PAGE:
Bulls guard Lonzo Ball has begun shooting, but he’s still not running pain-free

Coach Billy Donovan said Ball tried to run on an antigravity machine designed to take weight off the legs and still had to back off when he experienced pain.

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Bulls coach Billy Donovan said injured guard Lonzo Ball is making progress, but isn’t ready to return.

Bulls coach Billy Donovan said injured guard Lonzo Ball is making progress, but isn’t ready to return.

Quinn Harris/Getty Images

MINNEAPOLIS — Bulls coach Billy Donovan would like nothing more than to provide a positive update on guard Lonzo Ball’s recovery saga.

He would like to relay news that would let his players and the Bulls’ fan base know that Ball’s return is imminent.

Unfortunately for him, however, Donovan found himself telling a very familiar story Sunday. And one that still might not have a happy ending.

‘‘I spoke to him [Saturday] for a while,’’ Donovan said of Ball. ‘‘Again, he feels like he’s progressing. Not that this is new, but I saw him [Saturday]; he was on the floor shooting. I think the biggest thing is, when is he going to get to a place where the pain is such that he can start to run? He’s not at that right now, but I think he’s progressing toward that.’’

When? That remained the big unknown.

Ball hasn’t played in an NBA game since January and has had two surgeries on his left knee since then. After the latest one, which came in September, the Bulls were hoping for a six- to eight-week waiting period before re-evaluating him. Once that window closed, however, concern started to grow.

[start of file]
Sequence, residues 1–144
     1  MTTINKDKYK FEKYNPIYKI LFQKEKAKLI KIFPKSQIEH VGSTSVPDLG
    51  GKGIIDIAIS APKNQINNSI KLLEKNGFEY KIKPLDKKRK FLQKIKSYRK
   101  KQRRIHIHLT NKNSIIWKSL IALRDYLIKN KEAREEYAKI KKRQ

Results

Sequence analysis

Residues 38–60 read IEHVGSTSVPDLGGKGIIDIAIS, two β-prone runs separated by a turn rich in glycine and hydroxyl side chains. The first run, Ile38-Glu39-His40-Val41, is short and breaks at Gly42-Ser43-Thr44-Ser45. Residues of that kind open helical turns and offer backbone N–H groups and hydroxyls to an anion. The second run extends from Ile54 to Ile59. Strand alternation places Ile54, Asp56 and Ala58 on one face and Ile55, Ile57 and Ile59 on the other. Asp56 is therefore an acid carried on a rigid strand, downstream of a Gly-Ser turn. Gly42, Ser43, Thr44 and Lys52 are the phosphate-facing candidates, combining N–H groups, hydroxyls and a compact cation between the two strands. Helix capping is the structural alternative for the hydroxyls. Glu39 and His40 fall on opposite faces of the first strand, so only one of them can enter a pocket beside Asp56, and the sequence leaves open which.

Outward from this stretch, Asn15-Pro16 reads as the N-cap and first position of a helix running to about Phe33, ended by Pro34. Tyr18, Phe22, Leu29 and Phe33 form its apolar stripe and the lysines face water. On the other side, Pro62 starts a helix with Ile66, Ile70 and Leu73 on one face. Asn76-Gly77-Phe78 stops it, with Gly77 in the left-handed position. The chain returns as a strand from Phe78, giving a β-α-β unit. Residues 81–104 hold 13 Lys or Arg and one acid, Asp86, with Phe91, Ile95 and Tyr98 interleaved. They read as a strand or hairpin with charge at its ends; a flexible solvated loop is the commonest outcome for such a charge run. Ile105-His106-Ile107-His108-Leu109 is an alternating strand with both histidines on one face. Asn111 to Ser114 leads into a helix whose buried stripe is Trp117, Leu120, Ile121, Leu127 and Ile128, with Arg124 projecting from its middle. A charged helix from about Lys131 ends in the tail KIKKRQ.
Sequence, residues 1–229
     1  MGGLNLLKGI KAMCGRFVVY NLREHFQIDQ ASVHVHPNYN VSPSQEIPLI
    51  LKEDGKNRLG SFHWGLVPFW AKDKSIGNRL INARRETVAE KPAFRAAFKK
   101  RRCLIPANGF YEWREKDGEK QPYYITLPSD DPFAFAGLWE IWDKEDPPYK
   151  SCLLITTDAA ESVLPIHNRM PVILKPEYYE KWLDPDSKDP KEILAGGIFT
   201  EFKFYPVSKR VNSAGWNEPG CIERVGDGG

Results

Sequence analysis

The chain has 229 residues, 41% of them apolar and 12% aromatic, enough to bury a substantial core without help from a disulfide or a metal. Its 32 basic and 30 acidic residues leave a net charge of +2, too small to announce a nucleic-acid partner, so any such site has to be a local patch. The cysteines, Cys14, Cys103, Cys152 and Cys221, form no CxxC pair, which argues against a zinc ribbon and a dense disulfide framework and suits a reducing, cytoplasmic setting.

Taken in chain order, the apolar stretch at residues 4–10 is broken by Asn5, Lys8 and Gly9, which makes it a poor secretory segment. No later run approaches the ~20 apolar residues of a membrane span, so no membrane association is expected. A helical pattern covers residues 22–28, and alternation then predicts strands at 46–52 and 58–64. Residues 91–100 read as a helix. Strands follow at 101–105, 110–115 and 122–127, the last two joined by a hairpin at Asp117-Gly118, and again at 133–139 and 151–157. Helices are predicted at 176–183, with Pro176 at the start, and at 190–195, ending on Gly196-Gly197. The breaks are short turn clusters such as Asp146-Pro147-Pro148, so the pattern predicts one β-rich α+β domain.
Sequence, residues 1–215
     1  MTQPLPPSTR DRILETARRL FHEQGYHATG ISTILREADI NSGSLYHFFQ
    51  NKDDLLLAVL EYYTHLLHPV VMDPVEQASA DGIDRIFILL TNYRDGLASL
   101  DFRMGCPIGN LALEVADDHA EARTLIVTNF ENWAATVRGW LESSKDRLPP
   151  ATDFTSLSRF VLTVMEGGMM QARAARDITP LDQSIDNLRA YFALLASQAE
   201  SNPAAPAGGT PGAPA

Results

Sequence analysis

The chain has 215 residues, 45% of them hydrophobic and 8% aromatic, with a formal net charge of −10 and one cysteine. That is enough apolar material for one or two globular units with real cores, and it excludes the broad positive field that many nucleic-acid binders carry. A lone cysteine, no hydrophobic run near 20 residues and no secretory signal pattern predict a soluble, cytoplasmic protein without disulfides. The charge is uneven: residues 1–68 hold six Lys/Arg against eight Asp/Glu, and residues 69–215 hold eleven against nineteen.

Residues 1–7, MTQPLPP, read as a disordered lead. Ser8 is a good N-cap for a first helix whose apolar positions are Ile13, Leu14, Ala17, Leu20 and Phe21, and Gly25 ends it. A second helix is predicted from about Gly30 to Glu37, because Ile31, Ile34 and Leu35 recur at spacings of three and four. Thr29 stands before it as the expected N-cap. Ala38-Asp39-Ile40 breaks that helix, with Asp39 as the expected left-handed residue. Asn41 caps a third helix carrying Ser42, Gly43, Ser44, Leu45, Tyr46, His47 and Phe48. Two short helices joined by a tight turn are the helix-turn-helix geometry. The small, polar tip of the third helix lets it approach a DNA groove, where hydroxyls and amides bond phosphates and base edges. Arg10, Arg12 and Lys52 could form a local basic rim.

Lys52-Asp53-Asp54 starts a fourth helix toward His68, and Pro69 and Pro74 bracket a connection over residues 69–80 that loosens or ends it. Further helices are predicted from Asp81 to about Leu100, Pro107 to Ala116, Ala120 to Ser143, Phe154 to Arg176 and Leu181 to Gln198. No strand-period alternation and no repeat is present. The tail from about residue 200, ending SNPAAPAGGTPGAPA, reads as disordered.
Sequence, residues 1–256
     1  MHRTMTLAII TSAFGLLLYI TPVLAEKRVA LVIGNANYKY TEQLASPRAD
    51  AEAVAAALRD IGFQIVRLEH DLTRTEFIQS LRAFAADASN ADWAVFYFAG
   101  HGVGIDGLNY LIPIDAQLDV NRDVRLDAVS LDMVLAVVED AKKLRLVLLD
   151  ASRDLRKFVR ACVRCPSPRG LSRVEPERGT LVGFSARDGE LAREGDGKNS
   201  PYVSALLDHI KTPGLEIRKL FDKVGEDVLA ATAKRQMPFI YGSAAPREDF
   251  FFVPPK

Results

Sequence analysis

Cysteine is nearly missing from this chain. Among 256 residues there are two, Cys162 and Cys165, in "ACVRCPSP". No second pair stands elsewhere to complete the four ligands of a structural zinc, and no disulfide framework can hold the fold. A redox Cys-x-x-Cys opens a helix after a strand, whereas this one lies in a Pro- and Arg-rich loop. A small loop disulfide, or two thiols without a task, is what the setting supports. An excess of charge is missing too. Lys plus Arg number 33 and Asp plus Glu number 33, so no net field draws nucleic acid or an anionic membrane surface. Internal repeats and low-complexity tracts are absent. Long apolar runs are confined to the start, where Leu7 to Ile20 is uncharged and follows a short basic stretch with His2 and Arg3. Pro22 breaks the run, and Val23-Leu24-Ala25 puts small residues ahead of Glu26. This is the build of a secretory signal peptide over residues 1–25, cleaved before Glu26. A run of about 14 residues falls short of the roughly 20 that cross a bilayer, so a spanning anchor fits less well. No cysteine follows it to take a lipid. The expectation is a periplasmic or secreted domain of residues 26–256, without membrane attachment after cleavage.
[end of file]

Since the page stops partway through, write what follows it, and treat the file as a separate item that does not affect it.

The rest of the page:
While the fact that Ball has started shooting is progress, it isn’t running, jumping or cutting. Ball must be comfortable doing all three of those things before the Bulls really can start feeling better about his recovery.

Donovan said Ball tried to run on an AlterG treadmill — an antigravity machine designed to take weight off the legs — and still had to back off when he experienced pain.

‘‘There were still some issues for him,’’ Donovan said. ‘‘When he feels that, they pull back.’’

Donovan said that when Ball can run, jump and cut pain-free, he will go through a lengthy ‘‘ramp-up period’’ because of how long he has been sidelined.

‘‘Just in talking to the medical guys . . . there’s going to be a period, [given] the amount of time he’s been out, he has to get his conditioning back, he’s going to need some contact in practice,’’ Donovan said. ‘‘I don’t know what that period is, but it’s certainly not like: ‘Hey, he’s running; next week, he’s playing.’ I don’t think that’s going to happen.’’

Donovan said Ball was still in a good place mentally but was obviously frustrated about how much basketball the knee injury has cost him.

‘‘Just being around him last summer and then being around him in training camp, the one thing that really comes out when you’re around him and speak to him is he’s a student of the game,’’ Donovan said.

‘‘There are some guys where maybe this is a job. He just loves to play. And when you see a guy eager to get back and it’s taken away from him, you feel for him.’’

Late scratch

Forward Javonte Green was scratched Sunday with soreness in his right knee, the same thing that forced him to miss three games at the start of month.

That means Donovan still has been unable to see a larger sample size of the Green, Alex Caruso, Zach LaVine, Nikola Vucevic and DeMar DeRozan starting unit he formed after an embarrassing loss last month to the Suns. That group got only one look before Green got hurt.

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